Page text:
Love and matrimony are the themes at work as this third episode of the ever-more-enticing Grantchester opens. Amanda and Guy want Sidney to officiate their marriage (of-convenience), even though our Vicar’s heart is clearly being contorted more painfully than his obedience to the Ten Commandments has been recently.
Could you be more cruel, Amanda? After a bit of cursory counseling, Sidney agrees to apply for permission to perform the ceremony from the diocese. But soon he’s burying his sorrows in the drink. The next day Sidney has a wicked hangover, even as the new (clearly gay) curate arrives, looking to Sidney for mentorship.
Sidney counsels another couple who wish to get married, Arthur Evans and Isobel Livingstone. They seem very much in love, and “resolved” to be married, but there’s a problem, in the form of the lady’s mother, Daisy — a cantankerous, cruel-seeming bedridden invalid. “It’s your job to meddle,” she snaps at Sidney. Momma Daisy thinks the would-be son-in-law is going to do her in, and she won’t give her approval for the match.
On the home front, Sidney is being lectured by his landlady, while he receives a piece correspondence from episode 1’s sexy German widow, Hildegard, and tries to encourage the curate, Leonard, to deliver a sermon. And he’s trying to do it all sober, having turned over a new leaf. Geordie tells Sidney to “get on with it,” it meaning life.
Daisy seemed like a nasty piece of work but of course, nothing in Grantchester is what it seems, and when she turns up dead by what the doctor says are “natural causes,” Sidney has questions. And as usual, they are both theological and pragmatic.
Geordie tells Sidney that Isobel’s fellow, Arthur Evans was using an alias and asks him what he knows. Sidney confesses that Daisy Livingston thought Arthur was trying to “do her in” but says he’s trying to give people the benefit of the doubt. The Scottish doctor, however, assures them Daisy was simply very ill, and in fact lingered beyond her appointed time out of “spite.”
Bodies may keep turning up in Grantchester, but there’s a lot of wry humor sprinkled throughout this episode, including a recurring gag about the coroner asking about “intent” and Sidney’s continual neglect of Leonard’s sermon.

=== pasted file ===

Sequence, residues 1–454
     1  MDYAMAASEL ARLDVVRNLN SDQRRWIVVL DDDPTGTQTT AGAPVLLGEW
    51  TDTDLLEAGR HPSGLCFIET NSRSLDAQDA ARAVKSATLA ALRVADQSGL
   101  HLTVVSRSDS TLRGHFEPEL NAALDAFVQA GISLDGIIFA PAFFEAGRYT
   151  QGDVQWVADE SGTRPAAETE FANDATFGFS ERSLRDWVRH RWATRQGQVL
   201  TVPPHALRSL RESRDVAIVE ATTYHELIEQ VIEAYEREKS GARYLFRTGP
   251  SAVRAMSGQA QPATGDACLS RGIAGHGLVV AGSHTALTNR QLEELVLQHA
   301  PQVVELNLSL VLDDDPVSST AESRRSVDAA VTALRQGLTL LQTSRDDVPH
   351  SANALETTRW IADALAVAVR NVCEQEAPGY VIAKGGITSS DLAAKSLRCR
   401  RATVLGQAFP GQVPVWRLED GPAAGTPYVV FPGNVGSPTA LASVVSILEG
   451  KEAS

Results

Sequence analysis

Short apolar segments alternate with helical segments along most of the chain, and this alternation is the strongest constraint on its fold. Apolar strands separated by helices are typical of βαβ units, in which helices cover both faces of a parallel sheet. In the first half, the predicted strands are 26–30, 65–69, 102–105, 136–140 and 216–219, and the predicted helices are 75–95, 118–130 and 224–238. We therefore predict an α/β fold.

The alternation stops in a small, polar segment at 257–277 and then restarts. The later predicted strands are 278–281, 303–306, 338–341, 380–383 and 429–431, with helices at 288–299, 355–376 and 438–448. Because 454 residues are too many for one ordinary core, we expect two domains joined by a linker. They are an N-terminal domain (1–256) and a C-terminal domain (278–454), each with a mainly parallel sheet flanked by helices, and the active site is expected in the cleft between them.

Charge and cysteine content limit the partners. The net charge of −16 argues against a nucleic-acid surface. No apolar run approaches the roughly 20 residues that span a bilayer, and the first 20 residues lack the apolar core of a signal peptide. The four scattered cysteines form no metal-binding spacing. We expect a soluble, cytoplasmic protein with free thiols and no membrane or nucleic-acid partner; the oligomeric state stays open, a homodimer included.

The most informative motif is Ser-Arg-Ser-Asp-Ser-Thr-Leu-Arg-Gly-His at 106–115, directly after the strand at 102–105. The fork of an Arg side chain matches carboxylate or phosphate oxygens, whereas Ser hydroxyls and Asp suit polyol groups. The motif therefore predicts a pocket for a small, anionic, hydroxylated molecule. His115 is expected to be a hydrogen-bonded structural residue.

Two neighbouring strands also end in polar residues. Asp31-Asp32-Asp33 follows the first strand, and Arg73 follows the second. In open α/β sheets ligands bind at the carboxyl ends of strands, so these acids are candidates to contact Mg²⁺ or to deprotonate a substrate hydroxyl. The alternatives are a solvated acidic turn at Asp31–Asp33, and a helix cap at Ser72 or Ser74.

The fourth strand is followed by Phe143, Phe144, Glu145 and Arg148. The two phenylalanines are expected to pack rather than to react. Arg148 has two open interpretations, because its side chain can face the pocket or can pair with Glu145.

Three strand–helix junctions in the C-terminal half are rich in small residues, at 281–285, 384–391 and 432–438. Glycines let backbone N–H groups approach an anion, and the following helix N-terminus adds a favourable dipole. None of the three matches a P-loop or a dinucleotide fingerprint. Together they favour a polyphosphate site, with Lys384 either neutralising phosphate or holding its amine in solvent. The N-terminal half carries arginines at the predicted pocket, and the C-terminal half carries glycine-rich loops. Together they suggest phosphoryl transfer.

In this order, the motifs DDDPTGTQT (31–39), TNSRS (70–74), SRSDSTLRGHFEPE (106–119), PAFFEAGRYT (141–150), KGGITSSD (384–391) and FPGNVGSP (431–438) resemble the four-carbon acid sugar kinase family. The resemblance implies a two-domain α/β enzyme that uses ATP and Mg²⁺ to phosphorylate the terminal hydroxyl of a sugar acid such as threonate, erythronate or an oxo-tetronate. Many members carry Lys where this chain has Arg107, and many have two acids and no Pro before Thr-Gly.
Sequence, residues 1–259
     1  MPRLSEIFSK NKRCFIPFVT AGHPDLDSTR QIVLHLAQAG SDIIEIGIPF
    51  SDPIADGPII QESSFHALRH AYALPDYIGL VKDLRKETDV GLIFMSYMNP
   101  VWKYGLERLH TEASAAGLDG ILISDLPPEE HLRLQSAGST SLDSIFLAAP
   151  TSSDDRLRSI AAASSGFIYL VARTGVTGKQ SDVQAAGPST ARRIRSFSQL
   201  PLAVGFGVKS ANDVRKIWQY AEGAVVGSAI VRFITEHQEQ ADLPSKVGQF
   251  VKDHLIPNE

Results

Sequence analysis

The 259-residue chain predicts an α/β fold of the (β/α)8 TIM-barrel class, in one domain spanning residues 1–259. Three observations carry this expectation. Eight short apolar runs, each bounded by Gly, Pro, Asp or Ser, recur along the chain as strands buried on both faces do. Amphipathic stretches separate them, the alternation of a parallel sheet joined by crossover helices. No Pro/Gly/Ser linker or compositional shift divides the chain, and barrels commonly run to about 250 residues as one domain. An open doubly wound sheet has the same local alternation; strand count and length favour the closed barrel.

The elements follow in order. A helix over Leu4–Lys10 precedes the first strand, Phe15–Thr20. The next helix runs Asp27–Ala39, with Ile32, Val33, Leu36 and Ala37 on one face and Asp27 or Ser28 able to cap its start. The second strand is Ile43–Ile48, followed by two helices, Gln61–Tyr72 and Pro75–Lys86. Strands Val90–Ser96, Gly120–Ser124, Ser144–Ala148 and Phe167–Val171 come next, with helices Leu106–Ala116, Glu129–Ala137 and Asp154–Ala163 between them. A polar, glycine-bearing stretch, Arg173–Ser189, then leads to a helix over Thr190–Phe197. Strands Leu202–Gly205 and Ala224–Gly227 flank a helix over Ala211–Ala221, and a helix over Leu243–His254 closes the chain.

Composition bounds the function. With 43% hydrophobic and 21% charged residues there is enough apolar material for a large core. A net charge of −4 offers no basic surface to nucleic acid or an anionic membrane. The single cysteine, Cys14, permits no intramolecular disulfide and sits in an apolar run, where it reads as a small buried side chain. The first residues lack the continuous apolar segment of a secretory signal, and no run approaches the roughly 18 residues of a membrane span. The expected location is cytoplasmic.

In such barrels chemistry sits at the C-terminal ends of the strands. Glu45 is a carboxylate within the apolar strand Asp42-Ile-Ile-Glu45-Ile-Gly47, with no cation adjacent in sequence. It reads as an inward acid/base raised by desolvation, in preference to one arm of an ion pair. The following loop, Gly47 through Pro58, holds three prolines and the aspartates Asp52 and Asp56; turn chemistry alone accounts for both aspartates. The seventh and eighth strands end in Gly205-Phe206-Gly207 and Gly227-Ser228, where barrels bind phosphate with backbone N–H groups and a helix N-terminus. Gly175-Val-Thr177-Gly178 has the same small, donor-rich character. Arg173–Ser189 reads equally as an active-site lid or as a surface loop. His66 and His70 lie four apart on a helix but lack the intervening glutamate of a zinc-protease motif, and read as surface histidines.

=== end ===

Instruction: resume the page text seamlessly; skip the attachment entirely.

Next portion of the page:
Mrs. Livingstone has been cremated before they can second-guess the coroner. Geordie wants Sidney to use his clerical authority with the young couple to see if he can sniff out any wrongdoing. Sidney, who clearly loves playing detective more than playing moral authority, pries, but finds nothing — until he runs into a mysterious stranger who tells him that Daisy Livingstone always wanted to be buried under an oak in the cemetery.
Leonard’s sermon ends up being akin the worst undergraduate paper of all time, with far too many references to Kant. After giggling in church with Amanda, Sidney is caught in a huge lie, since he’d told Leonard his sermon was “pithy.” “I like books,” says Leonard after Sidney gives him advice. “They’re so much less terrifying than people.” Amen, Leonard. Sidney, not chastened by his first lie, lies to Amanda and says the archbishop has denied him permission to marry her to Guy.
The mystery of Daisy’s death seems easily solved when Isobel tells Sidney she’s knocked up and Arthur has fled with her money and jewelry as Gladys, Daisy Livingstone’s sister and heir, turns up dead too. They embark on a manhunt for Arthur which is quite the dramatic setpiece — hounds in the countryside! But not so fast. “All this for a bit of cheap jewelry?,” Arthur asks. It turns out he’s a swindler who marries multiple women for money, but he swears he’s no killer, even of nasty old biddies.
Sidney bears Arthur’s message of sort of love to Isobel, who replies, “what do you know of love?” Can’t you see he’s heartbroken, woman?
Sidney drinks tea with the mysterious older man who’s been hanging around, and is thrilled that he’s got a set of fingerprints to bring to Geordie. But then he realizes, upon doing so, that he has no name. Fortunately, the stranger, Jack Chapman, is drinking even more tea with the landlady in Sidney’s kitchen. He’s revealed, in a twist, be Isobel’s absentee father, returned to Grantchester to visit both sisters, both of whom, in another twist, were terminally ill. Both of them. Yet the coroner’s report for Gladys, Geordie says, indicates potassium chloride.
“They trusted the killer with their lives,” says Sidney, having one of his epiphanies. It turns out that Grantchester had its very own Doctor Death. And talking to the local doctor about his habit of ethically dubious mercy killings is enough to get Sidney right back on the sauce. “It’s good to have you back,” says Geordie, pouring Sidney a second whiskey. It is indeed.
Sidney thinks about the war, agrees to marry Amanda and Guy, writes Hildegard back, and and encourages Leonard’s sermonizing. Leonard’s second attempt ends up being an honest reflection about lies and truth. In the churchyard, a pregnant Isobel meets her long-lost father.
And we wait for Sydney to get wind of the next murder.